The Union Cabinet had last week cleared the merger of five associate banks — State Bank of Bikaner and Jaipur (SBBJ), State Bank of Hyderabad (SBH), State Bank of Mysore (SBM), State Bank of Patiala (SBP) and State Bank of Travancore (SBT) — with SBI. With SBI merger of five associate banks about to complete, it is also simultaneously finalising its procedure to launch a Voluntary Retirement Scheme (VRS) which could lead to a lower headcount in the number of employees from the total employee base of 73,000 in the associate banks.
While the state bank is yet to provide details of the branch rationalisation plan, an official of SBT has claimed that the merger plan could lead to closure of SBT’s 30 per cent of branches. While the five associate banks have 6,717 branches, SBT has 1,117 branches. Some branches have been identified in Tamil Nadu and Kerala.
In a statement last week, SBI said, “The merger will result in creation of a stronger entity. This will minimise vulnerability to any geographic concentration risks faced by associate banks. This merger is an important step towards strengthening the banking sector.” A formal notification in this regard is awaited from the government wherein the effective date of merger will be indicated, SBI said.
The boards of associate banks have already approved the VRS plan, but they are yet to notify the number of employees eligible for the VRS, said an SBI official. “In view of the impending acquisition, your bank may consider implementing a VRS for employees as an employment-friendly initiative. The scheme would provide a good opportunity to employees who may genuinely want to retire voluntarily on account of the uncertainties related to possible relocation of job profile post acquisition,” SBI said in a letter to the MD of State Bank of Travancore.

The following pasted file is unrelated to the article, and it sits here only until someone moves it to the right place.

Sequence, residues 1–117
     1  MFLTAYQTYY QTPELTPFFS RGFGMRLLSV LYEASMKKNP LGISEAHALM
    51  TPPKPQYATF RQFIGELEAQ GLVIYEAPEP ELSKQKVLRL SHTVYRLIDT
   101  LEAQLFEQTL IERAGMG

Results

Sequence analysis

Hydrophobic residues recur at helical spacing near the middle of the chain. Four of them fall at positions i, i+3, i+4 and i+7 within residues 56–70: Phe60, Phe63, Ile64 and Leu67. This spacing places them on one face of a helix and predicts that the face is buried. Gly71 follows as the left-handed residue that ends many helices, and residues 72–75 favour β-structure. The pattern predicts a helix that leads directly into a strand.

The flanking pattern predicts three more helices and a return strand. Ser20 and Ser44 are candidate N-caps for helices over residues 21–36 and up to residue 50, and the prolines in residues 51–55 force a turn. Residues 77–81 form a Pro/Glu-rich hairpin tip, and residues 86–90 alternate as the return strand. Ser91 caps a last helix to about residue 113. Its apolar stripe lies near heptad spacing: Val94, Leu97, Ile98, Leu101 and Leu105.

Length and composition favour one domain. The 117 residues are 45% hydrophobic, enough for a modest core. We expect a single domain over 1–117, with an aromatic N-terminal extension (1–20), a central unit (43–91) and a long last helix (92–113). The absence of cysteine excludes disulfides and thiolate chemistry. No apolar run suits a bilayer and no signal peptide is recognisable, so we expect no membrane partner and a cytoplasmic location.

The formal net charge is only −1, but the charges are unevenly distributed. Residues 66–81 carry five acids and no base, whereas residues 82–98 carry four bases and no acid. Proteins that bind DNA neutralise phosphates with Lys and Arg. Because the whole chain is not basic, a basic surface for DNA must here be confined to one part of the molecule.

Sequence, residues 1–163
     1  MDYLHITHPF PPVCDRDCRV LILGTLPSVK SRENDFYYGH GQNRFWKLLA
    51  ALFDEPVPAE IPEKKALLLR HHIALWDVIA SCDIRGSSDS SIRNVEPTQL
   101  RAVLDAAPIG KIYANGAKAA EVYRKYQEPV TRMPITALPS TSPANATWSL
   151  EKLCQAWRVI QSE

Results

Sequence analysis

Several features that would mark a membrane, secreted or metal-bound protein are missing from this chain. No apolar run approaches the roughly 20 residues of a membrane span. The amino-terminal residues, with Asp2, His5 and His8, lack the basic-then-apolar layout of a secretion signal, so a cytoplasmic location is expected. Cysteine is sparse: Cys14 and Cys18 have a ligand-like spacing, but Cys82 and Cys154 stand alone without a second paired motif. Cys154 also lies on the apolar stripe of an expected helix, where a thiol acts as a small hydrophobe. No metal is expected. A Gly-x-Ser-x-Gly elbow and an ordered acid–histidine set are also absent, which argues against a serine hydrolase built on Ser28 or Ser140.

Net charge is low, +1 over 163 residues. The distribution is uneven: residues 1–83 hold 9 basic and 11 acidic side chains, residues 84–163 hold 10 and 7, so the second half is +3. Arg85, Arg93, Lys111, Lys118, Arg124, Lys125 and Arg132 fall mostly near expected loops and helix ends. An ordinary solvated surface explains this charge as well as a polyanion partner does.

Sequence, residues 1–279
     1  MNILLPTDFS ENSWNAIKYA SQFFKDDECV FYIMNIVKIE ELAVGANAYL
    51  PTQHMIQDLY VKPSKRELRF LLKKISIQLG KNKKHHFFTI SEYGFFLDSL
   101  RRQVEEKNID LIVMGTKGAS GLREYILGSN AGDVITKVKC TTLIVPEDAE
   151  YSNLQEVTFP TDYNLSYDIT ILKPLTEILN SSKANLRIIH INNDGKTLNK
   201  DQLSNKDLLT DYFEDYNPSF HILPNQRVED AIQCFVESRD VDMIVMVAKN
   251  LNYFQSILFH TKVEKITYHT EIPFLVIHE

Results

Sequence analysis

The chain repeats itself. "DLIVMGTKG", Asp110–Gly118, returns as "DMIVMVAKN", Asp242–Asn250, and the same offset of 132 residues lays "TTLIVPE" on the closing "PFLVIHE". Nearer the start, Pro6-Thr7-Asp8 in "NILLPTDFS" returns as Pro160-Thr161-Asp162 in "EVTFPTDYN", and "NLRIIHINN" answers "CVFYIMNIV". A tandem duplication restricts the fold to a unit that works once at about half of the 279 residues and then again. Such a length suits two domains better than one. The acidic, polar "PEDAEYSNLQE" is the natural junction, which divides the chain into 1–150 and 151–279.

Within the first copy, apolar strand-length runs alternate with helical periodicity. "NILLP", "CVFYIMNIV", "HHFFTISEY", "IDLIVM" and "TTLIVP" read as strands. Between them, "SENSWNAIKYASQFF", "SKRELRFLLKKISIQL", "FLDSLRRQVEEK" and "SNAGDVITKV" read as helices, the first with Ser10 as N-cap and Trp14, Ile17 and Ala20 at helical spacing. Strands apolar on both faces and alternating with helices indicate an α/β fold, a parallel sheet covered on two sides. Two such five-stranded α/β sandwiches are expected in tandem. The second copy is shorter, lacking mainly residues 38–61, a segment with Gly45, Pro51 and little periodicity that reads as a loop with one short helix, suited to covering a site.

The VRS scheme is open to those staffers who have put in 20 years or have completed 55 years as on September 30, 2016. It has offered ex-gratia amounting to 50 per cent of salary for residual period of service subject to a maximum of 30 months salary.
However, bank unions have said “closure of associate banks by mergers is unwarranted as these banks are in existence for very long in various states” and they have “sound financial fundamentals, commendable financial ratios, well-established branches and serving the people at large in rural, semi-urban and urban centres”. “Associate banks are premier banks in the respective states with sizeable market share and credit deployment to productive sectors. They are immensely financing agriculture, micro-small-medium-large industry, trade, service sectors at the regions and states,” said K S Krishna, general secretary, State Sector Bank Employees’ Association.
He said associate banks have been forced to give excessive provisions for the reason that those loan accounts with the associate banks — even though are standard assets — may be considered as NPA if the same group’s account with SBI is NPA. “When the associate banks made a net profit of Rs 1,700 crore in the half year of FY16, now the banks have been forced to show a loss of Rs 5,100 crore in FY17 half year. The operating profit has risen from Rs 5,000 crore in FY16 to Rs 5,600 crore in FY 17. With the announcement of merger, work in the associate banks has come to a standstill,” Krishna said.